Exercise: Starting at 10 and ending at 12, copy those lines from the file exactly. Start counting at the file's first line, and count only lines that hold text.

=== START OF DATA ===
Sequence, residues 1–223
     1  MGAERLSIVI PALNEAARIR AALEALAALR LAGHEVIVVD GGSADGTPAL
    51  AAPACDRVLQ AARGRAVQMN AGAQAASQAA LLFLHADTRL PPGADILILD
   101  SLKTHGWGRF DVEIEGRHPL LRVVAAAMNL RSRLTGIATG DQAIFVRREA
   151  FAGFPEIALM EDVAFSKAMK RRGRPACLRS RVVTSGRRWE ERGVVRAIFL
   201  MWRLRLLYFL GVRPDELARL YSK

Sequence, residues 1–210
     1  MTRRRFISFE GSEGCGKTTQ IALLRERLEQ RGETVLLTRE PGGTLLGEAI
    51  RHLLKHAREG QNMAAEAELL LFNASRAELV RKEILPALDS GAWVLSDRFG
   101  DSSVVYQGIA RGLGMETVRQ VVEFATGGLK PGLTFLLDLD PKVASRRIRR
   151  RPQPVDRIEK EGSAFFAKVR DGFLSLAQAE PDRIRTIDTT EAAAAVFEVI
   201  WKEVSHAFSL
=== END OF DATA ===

   101  DSSVVYQGIA RGLGMETVRQ VVEFATGGLK PGLTFLLDLD PKVASRRIRR
   151  RPQPVDRIEK EGSAFFAKVR DGFLSLAQAE PDRIRTIDTT EAAAAVFEVI
   201  WKEVSHAFSL